• Once the transactions are cleared, the card network charges the issuer a reported settlement cost (usually a fixed price per transaction).
  • Other SaaS-type fees for services such as settlement and/or fraud.

Fee charged to merchants by card networks through acquirers:

  • The network assessment fee is one of the fees charged on the merchant and is deducted from the transaction value.

Fee charged by issuing banks to merchants via acquirers:
• Interchange costs are determined by a huge variety of complex criteria (card type, firm size, industry, and so on).

The interchange fees are determined by the card systems and are not negotiable for merchants. The interchange fees are shared based on the number of service providers on the bank’s side, and there may be additional fees between the issuing bank and the service providers.

The Acquirers impose various fees to Merchants, however the following are the main ones:
• The acquirer fee (or acquirer markup) is a flat cost charged by the Acquirer at the end of the month.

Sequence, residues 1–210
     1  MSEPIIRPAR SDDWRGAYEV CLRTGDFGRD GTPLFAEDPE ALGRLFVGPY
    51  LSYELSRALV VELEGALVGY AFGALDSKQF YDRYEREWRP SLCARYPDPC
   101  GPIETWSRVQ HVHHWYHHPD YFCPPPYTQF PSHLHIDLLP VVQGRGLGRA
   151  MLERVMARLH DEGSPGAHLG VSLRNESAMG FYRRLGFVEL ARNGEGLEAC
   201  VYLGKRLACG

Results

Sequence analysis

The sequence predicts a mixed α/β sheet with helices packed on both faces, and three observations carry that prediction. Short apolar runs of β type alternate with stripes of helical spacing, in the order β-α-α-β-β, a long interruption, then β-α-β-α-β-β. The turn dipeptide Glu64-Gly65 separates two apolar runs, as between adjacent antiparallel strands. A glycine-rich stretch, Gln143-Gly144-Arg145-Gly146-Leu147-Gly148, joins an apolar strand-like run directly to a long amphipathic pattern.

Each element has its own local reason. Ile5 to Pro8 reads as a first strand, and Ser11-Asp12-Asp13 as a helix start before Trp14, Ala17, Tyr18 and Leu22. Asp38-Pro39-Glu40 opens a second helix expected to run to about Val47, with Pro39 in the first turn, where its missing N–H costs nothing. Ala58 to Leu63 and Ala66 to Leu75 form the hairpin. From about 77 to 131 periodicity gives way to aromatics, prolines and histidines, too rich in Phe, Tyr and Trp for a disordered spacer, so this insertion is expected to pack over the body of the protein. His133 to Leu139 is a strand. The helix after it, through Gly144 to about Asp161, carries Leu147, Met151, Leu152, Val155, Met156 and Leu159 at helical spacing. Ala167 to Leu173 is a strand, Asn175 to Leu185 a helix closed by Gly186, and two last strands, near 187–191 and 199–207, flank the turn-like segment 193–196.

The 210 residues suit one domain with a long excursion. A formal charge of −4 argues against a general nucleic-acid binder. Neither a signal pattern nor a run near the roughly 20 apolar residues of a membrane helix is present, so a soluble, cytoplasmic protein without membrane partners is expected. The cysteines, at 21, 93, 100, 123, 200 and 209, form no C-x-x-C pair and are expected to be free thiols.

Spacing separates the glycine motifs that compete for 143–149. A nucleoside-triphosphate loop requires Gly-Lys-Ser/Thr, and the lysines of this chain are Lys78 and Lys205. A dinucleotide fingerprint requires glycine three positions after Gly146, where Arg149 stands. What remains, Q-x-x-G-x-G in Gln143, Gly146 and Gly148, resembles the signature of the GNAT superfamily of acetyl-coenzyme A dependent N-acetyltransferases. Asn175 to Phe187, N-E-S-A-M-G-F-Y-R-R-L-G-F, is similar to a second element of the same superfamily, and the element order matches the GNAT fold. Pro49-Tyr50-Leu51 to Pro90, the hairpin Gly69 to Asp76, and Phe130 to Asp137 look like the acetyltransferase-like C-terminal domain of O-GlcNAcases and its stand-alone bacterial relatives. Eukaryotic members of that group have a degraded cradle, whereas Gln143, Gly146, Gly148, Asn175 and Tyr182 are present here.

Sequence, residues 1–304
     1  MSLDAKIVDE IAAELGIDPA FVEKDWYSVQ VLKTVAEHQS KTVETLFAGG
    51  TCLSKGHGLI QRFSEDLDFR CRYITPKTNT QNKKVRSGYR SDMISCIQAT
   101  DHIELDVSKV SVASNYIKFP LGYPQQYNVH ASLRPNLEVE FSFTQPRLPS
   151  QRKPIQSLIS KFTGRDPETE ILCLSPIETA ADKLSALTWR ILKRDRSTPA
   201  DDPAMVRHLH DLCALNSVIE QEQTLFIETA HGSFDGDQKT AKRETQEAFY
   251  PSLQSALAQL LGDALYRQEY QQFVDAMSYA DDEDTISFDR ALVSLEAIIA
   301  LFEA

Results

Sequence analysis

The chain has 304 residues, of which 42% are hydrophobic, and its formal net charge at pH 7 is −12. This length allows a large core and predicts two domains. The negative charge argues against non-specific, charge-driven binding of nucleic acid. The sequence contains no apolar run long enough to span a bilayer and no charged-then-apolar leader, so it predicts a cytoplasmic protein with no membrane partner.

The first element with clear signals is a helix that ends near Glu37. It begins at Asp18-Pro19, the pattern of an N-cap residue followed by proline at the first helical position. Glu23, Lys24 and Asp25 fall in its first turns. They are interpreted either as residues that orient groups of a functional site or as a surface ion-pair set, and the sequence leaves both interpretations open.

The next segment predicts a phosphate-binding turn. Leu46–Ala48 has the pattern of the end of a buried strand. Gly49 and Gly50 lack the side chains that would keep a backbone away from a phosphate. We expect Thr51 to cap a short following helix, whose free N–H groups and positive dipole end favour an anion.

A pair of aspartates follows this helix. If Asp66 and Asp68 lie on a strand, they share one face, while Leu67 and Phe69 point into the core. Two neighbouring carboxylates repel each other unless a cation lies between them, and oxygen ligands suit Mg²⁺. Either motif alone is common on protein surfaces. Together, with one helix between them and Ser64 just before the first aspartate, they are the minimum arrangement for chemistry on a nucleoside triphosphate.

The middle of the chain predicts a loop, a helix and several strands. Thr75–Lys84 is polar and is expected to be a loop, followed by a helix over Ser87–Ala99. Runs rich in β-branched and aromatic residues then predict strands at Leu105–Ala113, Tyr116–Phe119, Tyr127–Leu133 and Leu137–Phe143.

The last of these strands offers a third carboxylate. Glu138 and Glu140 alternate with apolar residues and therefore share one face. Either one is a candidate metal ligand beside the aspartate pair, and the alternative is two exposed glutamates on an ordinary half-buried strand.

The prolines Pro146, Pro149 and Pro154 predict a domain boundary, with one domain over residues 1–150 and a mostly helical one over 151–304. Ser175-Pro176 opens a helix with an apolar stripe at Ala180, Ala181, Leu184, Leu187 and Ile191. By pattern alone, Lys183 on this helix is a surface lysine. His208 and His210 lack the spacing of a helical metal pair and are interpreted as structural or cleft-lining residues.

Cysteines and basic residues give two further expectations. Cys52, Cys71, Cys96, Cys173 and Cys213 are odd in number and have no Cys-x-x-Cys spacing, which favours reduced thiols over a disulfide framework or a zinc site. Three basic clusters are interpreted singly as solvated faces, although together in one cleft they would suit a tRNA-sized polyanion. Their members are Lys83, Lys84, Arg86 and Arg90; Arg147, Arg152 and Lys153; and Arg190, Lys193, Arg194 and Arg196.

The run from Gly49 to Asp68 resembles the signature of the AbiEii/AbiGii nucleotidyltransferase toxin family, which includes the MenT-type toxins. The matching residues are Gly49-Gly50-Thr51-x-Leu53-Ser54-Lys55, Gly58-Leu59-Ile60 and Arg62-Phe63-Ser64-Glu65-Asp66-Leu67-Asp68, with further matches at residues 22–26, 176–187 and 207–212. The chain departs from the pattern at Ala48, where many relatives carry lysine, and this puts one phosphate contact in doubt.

• Additional fees may be imposed for services such as refused cards, chargebacks, and so on.
• Either a commission through a reseller agreement or a margin off of the hardware (POS).

The fees are shared based on the role of each provider depending on the number of service providers on the acquiring side. Acquiring fees are negotiable, and retailers can save significant money by reviewing and comprehending their monthly bills.

The expense of taking card payments by the merchant

As we can see, it is difficult for a merchant to have a good view of the whole cost of accepting card payments. Acquirers do not consistently display their pricing, making it difficult for businesses to determine which is the more cost-effective option for them. The ultimate transaction cost is determined by a variety of criteria, including the acquirer, the region, the kind of merchant, transaction, card, and many more.

When it comes to accepting Visa and MasterCard cards, there are two popular pricing models: Interchange and Blended.

When compared to Blended, Interchange is more transparent. It provides a full breakdown of the three major payment card charges stated previously: the card scheme fee, the interchange fee, and the acquirer markup. Because costs vary depending on a variety of conditions, they may be lower or greater than a fixed rate.